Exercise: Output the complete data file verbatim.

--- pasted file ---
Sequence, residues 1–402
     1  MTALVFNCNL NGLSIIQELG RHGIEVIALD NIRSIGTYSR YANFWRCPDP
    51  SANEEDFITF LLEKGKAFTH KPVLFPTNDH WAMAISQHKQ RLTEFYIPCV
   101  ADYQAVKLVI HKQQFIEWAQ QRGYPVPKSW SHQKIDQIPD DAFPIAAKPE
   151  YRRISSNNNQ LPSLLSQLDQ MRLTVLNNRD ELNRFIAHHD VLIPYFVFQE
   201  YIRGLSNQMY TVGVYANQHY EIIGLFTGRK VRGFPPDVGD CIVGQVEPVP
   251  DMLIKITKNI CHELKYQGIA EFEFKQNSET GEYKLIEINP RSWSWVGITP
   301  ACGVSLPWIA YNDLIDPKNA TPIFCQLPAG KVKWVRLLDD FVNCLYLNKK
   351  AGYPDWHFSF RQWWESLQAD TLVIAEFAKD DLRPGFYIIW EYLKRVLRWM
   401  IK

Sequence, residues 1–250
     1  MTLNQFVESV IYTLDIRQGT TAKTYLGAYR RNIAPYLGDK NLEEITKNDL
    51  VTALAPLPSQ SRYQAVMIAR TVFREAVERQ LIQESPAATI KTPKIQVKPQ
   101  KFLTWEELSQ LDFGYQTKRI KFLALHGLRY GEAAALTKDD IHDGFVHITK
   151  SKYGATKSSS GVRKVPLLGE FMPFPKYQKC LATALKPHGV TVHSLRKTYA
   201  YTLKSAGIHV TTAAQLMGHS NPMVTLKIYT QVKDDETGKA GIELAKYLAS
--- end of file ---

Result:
Sequence, residues 1–402
     1  MTALVFNCNL NGLSIIQELG RHGIEVIALD NIRSIGTYSR YANFWRCPDP
    51  SANEEDFITF LLEKGKAFTH KPVLFPTNDH WAMAISQHKQ RLTEFYIPCV
   101  ADYQAVKLVI HKQQFIEWAQ QRGYPVPKSW SHQKIDQIPD DAFPIAAKPE
   151  YRRISSNNNQ LPSLLSQLDQ MRLTVLNNRD ELNRFIAHHD VLIPYFVFQE
   201  YIRGLSNQMY TVGVYANQHY EIIGLFTGRK VRGFPPDVGD CIVGQVEPVP
   251  DMLIKITKNI CHELKYQGIA EFEFKQNSET GEYKLIEINP RSWSWVGITP
   301  ACGVSLPWIA YNDLIDPKNA TPIFCQLPAG KVKWVRLLDD FVNCLYLNKK
   351  AGYPDWHFSF RQWWESLQAD TLVIAEFAKD DLRPGFYIIW EYLKRVLRWM
   401  IK

Sequence, residues 1–250
     1  MTLNQFVESV IYTLDIRQGT TAKTYLGAYR RNIAPYLGDK NLEEITKNDL
    51  VTALAPLPSQ SRYQAVMIAR TVFREAVERQ LIQESPAATI KTPKIQVKPQ
   101  KFLTWEELSQ LDFGYQTKRI KFLALHGLRY GEAAALTKDD IHDGFVHITK
   151  SKYGATKSSS GVRKVPLLGE FMPFPKYQKC LATALKPHGV TVHSLRKTYA
   201  YTLKSAGIHV TTAAQLMGHS NPMVTLKIYT QVKDDETGKA GIELAKYLAS